My version of a beef bourguignon recipe

After making so many versions of beef bourguignon, at the same time not entirely sure which is the true version, I have came up with the version that suits me the most! haha..

This is my version of a beef bourguignon which I found tasty enough for my liking, doesn’t matter whether it’s the true version or not,


1.5kg best braising steak, aberdeen angus, sliced into decent chunks, seasoned with salt and pepper

250g bacon lardons

1 bottle of full-bodied red wine – burgundy or bordeaux

500g chestnut or button mushrooms, halved if mushrooms are big

500ml beef stock

2 tbsp tomato puree

1 bouquet garni

4 garlic cloves, crushed

1 whole onion, finely chopped

5 sprigs of fresh thyme

salt and black pepper for seasoning

3 tbsp of cornflour – mixed in water so they do not form clumps

15 small onions


1) Preheat the oven at 170 deg celcius. Heat a large casserole pan, add in 2 tbsp of olive oil. Fry until golden brown, about 3-5 minutes. Fry until the meat is browned all over. Add in more olive oil if necessary. (some would like to use goose fat instead of olive oil but I go for a slightly healthier version). Do this in a few batches (at least 4-5 batches) so that you don’t overcrowd your pan. Set the meat aside when it is browned.

Note: Some people use plain flour to coat the beef prior to frying it which works as well but I find that this method tends to leave a burn coating on the inside of the casserole so I then avoided using this method. If you use plain flour to coat the beef, you can omit the cornflour from the ingredients list.

2) After all the beef have been set aside, in the same casserole pan, add in the bacon lardons in 2 batches and fry until golden brown. This would render all the fat from the bacon into the pan. Set aside the bacon lardons once it is golden brown.

3) Using the bacon oil in the same pan, fry the onions. Add the fresh thyme, bouquet garni, mushrooms and garlic into the pan and fry until lightly browned. Mix in the tomato puree and cook for a few minutes. Then return the beef and bacon lardons and drained juices into the pan and stir through.

Note: Some people prefer frying the mushrooms in the middle of the process of step 6 and add it into the casserole so it’s entirely up to you!

4) Pour the bottle of wine and beef stock into the casserole and let it boil. In the meantime, put the small onions into another pot of boiling water and let boil for 5 minutes. After the onions are boiled, drain the water away. When the onion is cooled enough, chop the root off the onion and peel the skin off the onion leaving it whole. Add the peeled onions into the casserole.

5) Season it with some salt and pepper bearing in mind that the stock (beef stock and red wine) will reduce so don’t add too much. You can season at the end if you like to, rather than doing it now.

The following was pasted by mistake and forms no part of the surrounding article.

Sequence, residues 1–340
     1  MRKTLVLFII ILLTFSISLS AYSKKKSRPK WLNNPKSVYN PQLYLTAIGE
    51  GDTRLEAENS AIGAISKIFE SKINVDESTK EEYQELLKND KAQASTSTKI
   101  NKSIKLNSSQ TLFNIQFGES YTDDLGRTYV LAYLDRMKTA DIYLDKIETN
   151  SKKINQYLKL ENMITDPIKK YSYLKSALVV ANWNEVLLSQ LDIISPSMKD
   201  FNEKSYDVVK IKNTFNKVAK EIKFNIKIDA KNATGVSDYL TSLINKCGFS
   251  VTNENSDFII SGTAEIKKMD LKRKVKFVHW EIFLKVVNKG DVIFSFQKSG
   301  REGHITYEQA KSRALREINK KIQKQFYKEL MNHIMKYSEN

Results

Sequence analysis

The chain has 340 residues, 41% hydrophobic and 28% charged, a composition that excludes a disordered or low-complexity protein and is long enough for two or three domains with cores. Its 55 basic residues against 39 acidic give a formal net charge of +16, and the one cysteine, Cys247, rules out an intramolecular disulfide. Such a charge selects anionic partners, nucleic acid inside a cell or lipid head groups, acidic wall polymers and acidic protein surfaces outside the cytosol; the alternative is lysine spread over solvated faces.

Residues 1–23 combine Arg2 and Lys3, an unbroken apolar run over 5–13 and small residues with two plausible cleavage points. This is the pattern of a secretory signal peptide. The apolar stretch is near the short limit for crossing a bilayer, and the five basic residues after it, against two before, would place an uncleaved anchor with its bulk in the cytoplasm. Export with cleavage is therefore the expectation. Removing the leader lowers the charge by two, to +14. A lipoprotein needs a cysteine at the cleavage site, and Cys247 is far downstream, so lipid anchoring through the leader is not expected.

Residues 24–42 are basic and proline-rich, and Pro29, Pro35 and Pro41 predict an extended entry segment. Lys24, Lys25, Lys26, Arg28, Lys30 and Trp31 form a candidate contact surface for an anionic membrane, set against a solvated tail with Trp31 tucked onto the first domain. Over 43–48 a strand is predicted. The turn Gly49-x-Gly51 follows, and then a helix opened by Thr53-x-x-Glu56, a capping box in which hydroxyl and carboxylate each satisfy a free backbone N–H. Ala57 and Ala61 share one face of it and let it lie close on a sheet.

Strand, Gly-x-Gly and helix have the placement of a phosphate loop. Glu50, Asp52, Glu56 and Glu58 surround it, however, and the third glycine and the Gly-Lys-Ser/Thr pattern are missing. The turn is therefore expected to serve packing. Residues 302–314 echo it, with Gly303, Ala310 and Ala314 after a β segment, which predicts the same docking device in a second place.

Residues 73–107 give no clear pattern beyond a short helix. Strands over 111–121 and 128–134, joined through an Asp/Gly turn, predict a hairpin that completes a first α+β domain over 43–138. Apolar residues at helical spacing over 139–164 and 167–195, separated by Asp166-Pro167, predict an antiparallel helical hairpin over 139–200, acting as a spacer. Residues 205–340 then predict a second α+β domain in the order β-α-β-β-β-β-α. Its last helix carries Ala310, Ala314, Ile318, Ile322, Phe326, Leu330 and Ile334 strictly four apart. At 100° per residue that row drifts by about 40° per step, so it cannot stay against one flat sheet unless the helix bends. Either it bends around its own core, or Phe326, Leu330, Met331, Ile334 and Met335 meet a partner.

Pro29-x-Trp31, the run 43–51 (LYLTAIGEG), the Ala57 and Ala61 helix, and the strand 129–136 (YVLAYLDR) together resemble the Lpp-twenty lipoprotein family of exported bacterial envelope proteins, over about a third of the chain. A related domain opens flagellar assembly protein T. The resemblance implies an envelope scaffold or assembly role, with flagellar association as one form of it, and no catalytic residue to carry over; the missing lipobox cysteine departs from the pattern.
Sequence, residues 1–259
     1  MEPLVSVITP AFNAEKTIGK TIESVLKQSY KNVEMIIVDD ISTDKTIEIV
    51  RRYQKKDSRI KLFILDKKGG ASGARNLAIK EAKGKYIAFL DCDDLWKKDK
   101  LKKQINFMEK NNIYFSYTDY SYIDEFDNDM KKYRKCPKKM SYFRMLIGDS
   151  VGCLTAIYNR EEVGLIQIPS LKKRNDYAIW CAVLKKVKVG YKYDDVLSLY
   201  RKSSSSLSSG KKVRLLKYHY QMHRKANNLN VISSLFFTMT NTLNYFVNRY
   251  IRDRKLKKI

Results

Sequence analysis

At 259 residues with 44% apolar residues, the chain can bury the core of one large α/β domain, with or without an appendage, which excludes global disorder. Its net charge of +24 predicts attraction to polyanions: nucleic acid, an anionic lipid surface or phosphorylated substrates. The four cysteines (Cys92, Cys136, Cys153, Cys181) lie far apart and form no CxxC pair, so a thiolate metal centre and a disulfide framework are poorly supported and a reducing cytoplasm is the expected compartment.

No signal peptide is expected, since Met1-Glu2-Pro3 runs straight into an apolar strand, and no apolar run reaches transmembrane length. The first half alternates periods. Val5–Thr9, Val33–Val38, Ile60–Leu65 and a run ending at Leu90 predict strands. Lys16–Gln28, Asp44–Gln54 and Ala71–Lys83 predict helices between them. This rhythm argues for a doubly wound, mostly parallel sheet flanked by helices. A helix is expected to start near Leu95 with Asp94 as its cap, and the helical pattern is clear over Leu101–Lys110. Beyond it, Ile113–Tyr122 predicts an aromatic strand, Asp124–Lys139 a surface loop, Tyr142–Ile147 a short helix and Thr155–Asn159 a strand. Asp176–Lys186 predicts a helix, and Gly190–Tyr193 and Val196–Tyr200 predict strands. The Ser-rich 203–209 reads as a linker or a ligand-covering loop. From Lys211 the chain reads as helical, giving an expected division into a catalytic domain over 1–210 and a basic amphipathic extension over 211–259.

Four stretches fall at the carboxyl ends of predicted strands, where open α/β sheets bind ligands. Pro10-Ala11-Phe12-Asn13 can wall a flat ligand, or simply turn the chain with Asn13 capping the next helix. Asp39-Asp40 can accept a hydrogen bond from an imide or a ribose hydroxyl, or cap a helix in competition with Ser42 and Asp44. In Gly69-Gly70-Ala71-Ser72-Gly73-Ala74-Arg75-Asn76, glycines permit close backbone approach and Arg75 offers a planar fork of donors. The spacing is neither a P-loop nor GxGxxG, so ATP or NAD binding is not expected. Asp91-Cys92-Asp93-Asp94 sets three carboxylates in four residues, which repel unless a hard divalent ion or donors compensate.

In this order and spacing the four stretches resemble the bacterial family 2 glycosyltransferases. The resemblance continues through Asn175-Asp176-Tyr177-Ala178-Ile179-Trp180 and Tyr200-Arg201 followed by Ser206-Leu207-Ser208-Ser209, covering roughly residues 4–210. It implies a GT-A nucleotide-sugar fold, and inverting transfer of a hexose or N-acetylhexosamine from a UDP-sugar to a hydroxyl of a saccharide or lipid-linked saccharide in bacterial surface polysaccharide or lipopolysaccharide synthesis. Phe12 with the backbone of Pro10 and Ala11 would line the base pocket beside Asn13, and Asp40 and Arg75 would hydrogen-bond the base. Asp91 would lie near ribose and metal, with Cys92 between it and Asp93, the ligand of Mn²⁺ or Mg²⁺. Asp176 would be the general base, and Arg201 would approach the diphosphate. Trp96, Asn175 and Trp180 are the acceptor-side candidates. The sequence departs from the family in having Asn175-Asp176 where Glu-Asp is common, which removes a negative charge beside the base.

6) Put the casserole lid on once the casserole is boiling and put the casserole into the oven. Leave it in the oven for 2-3 hours to cook. Towards the end of 2-3 hours, add the cornflour into the casserole to thicken the mixture. If the mixture is not thickened enough to your liking, then add more cornflour.

7) Garnish with some chopped parsley. 



Slow-cooked oxtail

Decided to try making an oxtail stew especially after eyeing the oxtail displayed at the chinese supermarket. I remembered eating an excellent oxtail stew made by one of my friends 8 years ago and it struck a chord with me. Have always wanted to make my own for a while now.

Finally found this oxtail stew recipe in my favourite cookbook – Barrafina: A spanish cookbook. Barrafina is my favourite restaurant in London Soho and I had to always be in the queue 15-30 minutes prior to opening time so that I can get a place as it does not take any reservations.

Barrafina: a spanish cookbook is a cookbook worth getting as the recipes are do-able and ingredients are not too difficult to obtain.

Slow cooked oxtail recipe by Barrafina: a spanish coookbook:


150ml olive oil

1.5kg oxtail

75g plain flour for dusting

4 garlic cloves, peeled and finely sliced

3 large shallots, peeled and finely chopped

2 carrots, peeled and cut into 1cm dice

2 leeks (white part only), finely chopped

2 sticks of celery, cut into 1cm dice

4 bay leaves, fresh if possible

a small bunch of fresh thyme

maldon salt and freshly ground black pepper

1 bottle of red wine

2 litres of chicken stock

Serves 4:

Heat 3 tablespoon of the oil in a large pan or casserole over a medium heat until almost smoking. Dust the pieces of oxtail in the flour, ensuring they have a fine coating all over. Shake off the excess, then add the oxtail to the pan and cook for 5 minutes. Turn it over and cook for a further 5 minutes, then remove from the oil, drain on kitchen paper and set aside.

Add another 3 tablespoons of oil to the pan. Add the garlic and shallots and cook gently for 2 minutes. Add the carrots, cook for further 2 minutes, then add the leeks and celery and cook for a further minute. Add the bay leaves and thyme and season with salt and pepper.

Pour in the red wine and chicken stock and add the oxtail. Bring to the boil, then lower the heat to a simmer. Make a cartouche (a circular sheet of baking parchment with a 3cm hole in the centre that fits the pan and covers the ingredients) and lay it over the meat, then cover the pan with foil and cook for 3 hours over a low heat.

When the time is up, remove the foil and cartouche. Take the pieces of oxtail out of the pan and keep them warm. Skim off the fat from the liquid in the pan, then boil until it has reduced and thickened. Return the oxtail pieces to the pan and simmer for 5 to 10 minutes to thicken the sauce – you should have about 250-350ml left at the end.

Serve the oxtail in bowls, with the sauce poured over.